Medical and psychological problems faced by young Australian gap year travellers
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Background: Gap year travellers can potentially be exposed to many infectious diseases and other travel-related health problems including injuries and psychological problems. Currently, there is little information on health and wellbeing of this particular group of travellers. Methods: Participants were recruited from an organization that specialized in organising international gap year placements. Gap year travellers were asked to complete a pre-departure survey on demographics, placement destination and duration, previous travel experience, hobbies, risk taking behaviour, anticipated problems during the placement, and pre-travel preparations. After the placement, participants were asked to complete a post-trip survey on their experiences, problems, health issues, and medical treatment required. Results: The 88 and 34 gap year travellers aged 17-23 years completed pre- and post-placement surveys respectively. The duration of placements ranged from 3 to 12 months. Psychological stressors were frequently reported [n = 26 (76.5%) felt home sick; n = 18 (52.9%) experienced culture shock; n = 17 (50.0%) had difficulty communicating with the locals]. The majority of participants (91.2%) tried to work out a solution for the stressor on their own. Twenty-eight (82.4%) participants reported medical problems during their placement; the most common problems were sunburn (n = 19; 55.9%), respiratory infections (n = 15; 44.1%), weight change (n = 14; 41.2%), and diarrhoea/ food poisoning (n = 13; 38.2%). Three participants (3.4%) were admitted to hospital; for a muscle injury, head injury and skin infection after getting a tribal tattoo. Conclusions: Psychological stressors were common, but most did not seek help. Some medical problems encountered during their placement may have been preventable with improved pre-departure preparation. 1 International Society of Travel Medicine, 2017.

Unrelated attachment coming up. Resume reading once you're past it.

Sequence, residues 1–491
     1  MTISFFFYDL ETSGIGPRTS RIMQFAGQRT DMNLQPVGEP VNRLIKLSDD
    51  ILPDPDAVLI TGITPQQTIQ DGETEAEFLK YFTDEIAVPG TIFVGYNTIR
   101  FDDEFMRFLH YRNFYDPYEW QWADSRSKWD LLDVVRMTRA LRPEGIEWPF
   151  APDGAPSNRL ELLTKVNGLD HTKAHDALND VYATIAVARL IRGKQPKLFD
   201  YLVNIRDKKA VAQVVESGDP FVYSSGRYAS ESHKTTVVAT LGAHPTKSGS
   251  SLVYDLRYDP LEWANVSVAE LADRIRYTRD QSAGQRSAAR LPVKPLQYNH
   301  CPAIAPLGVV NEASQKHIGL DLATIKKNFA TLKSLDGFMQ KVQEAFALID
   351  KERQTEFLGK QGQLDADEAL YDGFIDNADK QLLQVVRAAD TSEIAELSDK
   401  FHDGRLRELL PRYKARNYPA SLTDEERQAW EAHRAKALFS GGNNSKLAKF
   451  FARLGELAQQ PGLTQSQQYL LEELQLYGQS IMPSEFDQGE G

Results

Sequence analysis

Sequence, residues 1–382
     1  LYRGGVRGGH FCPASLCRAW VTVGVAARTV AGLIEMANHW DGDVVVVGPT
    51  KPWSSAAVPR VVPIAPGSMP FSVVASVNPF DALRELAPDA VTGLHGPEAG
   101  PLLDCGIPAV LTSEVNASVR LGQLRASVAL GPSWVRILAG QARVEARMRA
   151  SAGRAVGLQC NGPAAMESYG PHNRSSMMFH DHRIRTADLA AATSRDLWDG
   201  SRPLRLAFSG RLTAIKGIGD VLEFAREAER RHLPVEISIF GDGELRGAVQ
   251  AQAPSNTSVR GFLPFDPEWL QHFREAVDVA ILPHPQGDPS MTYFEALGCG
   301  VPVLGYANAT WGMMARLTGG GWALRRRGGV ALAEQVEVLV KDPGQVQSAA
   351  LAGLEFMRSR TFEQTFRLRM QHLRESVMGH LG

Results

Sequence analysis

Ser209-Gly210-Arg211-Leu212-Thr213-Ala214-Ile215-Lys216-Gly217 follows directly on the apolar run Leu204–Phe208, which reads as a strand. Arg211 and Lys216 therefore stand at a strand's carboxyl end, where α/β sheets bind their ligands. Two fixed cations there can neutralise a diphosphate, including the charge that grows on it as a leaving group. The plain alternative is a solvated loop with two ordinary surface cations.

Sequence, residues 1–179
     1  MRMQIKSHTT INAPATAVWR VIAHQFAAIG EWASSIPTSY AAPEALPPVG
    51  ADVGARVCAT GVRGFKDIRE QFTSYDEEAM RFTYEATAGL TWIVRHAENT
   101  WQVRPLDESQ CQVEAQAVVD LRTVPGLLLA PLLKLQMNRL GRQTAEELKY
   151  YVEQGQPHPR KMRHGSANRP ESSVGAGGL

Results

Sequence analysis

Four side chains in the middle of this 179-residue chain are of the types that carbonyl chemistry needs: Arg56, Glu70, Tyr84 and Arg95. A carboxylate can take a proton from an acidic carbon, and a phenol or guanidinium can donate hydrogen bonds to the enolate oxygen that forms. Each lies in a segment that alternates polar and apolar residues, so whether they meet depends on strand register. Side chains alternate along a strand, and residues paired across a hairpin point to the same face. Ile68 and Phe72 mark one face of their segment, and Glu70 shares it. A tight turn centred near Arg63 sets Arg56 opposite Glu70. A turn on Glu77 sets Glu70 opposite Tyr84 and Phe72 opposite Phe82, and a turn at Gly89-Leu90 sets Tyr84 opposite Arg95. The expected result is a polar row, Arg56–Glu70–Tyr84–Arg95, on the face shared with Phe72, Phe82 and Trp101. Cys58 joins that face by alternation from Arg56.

- Public Health [241 items ]